• We would not see the impact of lessened law and order and conscience on the boys throwing stones; we would only see that some older boys were picking on a few of the younger ones.
  • Meetings would look like a party and we would probably not get a true sense of Piggy and Ralph's frustations and fears during them.
  • It would be a novel full of stories about day-to-day life on the island but not about any of the complexities--such as the balance of power, guilt, or hate.
  • Any objects which are symbolic would remain mere objects to them--Piggy's specs are nothing more than glasses, and the conch is nothing more than a shell which makes a cool noise.
  • Simon's death would have been just part of the hunting game, and Piggy's death would just be about protecting their fort.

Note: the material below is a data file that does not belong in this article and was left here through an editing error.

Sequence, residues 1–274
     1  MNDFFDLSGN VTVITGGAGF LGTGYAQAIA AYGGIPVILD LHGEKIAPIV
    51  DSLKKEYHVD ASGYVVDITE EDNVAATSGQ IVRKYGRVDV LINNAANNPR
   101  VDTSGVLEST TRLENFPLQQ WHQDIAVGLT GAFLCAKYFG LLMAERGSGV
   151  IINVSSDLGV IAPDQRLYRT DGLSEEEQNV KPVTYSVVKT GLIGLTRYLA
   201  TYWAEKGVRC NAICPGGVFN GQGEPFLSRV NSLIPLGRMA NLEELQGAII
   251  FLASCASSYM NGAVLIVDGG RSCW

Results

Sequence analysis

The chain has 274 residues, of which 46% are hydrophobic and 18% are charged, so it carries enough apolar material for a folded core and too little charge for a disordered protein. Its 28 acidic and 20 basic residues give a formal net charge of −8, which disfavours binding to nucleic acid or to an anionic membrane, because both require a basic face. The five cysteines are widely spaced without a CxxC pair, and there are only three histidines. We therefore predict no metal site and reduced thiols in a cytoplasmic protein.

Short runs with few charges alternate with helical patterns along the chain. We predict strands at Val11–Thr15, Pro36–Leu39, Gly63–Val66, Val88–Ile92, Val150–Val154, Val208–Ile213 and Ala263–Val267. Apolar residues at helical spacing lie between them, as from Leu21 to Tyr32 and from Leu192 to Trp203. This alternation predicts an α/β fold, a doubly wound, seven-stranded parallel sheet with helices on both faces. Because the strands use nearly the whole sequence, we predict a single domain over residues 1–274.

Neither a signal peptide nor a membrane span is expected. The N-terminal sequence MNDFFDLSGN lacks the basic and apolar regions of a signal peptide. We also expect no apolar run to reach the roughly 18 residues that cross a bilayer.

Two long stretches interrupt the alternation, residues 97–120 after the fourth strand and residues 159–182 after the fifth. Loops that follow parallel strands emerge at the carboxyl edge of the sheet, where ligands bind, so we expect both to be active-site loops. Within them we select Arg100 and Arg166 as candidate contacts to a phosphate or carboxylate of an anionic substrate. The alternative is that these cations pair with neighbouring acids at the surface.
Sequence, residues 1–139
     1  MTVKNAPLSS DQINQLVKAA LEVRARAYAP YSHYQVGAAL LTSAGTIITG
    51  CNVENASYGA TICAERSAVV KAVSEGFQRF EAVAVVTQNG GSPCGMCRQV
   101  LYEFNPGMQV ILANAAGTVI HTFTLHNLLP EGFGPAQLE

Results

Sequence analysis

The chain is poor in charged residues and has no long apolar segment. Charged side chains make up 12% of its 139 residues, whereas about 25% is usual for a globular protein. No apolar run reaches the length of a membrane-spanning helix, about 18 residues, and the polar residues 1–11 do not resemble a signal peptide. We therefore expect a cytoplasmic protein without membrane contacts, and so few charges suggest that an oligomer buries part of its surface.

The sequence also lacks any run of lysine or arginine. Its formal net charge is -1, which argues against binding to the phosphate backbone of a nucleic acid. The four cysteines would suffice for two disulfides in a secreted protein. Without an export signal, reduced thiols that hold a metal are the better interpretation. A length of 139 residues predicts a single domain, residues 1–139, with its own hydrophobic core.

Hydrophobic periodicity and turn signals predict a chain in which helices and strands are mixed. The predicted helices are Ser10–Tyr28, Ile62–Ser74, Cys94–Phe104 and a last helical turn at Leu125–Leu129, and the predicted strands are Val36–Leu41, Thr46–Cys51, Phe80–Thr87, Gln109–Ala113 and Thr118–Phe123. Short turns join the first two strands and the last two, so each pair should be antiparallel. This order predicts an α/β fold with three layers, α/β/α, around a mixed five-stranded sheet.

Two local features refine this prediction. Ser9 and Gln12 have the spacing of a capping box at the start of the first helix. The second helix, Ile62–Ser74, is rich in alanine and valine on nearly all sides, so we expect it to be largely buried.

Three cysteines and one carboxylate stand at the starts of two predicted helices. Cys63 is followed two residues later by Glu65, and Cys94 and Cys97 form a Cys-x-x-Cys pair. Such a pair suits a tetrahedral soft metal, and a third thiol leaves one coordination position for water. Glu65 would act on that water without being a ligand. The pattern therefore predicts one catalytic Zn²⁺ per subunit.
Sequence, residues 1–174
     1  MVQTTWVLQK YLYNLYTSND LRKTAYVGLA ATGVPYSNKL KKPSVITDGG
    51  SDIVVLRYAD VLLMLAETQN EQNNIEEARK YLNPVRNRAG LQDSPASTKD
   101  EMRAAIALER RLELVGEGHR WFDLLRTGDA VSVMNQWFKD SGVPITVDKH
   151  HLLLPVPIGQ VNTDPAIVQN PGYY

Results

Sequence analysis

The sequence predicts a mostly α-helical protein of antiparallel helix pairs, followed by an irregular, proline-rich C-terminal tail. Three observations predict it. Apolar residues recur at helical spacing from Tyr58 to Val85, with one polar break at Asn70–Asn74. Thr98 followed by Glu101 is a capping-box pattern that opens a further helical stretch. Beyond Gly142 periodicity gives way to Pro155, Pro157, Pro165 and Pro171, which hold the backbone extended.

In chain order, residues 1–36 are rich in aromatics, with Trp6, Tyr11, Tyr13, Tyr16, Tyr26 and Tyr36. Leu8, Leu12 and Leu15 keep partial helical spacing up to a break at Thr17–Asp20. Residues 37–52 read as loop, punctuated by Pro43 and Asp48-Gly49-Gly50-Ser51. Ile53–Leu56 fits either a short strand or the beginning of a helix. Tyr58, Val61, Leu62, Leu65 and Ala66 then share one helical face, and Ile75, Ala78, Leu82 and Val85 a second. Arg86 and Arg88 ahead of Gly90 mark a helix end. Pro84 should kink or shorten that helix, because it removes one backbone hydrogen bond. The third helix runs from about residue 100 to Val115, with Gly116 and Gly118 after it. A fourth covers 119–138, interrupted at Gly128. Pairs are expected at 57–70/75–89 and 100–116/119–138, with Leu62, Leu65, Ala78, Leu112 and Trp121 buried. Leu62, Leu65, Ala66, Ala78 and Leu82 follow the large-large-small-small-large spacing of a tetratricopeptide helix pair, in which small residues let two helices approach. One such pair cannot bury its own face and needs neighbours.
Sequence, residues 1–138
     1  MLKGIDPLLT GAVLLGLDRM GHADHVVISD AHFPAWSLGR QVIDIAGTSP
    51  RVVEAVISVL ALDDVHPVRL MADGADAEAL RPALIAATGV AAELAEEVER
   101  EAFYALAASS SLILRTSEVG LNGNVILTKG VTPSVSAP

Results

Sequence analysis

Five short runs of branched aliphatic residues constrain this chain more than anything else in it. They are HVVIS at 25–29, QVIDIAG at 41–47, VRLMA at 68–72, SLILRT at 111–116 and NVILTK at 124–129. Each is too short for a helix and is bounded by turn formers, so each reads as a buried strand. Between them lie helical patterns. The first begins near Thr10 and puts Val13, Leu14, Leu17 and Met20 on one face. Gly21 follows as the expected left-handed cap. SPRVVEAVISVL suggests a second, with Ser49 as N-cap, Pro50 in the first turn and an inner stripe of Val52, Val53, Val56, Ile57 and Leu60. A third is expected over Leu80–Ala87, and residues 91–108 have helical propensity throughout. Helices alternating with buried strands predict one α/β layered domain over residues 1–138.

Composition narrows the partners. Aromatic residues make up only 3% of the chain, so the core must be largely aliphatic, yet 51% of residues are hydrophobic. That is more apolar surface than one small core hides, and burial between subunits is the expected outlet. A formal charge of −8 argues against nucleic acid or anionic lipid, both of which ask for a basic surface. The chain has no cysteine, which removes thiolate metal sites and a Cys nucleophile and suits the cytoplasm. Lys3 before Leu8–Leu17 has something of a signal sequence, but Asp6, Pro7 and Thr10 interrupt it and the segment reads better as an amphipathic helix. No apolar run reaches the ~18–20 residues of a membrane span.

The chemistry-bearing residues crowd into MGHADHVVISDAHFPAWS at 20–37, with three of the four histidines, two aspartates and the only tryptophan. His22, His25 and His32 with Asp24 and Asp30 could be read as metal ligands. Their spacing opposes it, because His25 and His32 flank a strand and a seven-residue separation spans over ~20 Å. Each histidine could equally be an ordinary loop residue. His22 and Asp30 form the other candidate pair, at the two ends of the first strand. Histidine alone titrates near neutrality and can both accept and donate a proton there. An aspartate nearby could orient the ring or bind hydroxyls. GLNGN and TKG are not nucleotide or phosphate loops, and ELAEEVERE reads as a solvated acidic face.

• Because boys will be boys, we'd undoubtedly get plenty of joking around about getting "caught short."
  • And the list goes on--use your imagination and it won't take long to add many more items.

So many of the undertones and interpretations of events would be lost--such as the choir voting for Ralph over Jack for leader.  Any such subtleties would be way beyond their capacity to understand.  I don't want to dimish the fear of these young boys who have suffered a traumatic experience, which we see in the face of Percival as he talks to the officer who comes to their rescue.  We would have a story, but it would be more a story of island life and being away from home than about the laws of human nature without any moral, social, or legal restraints.

Lori Steinbach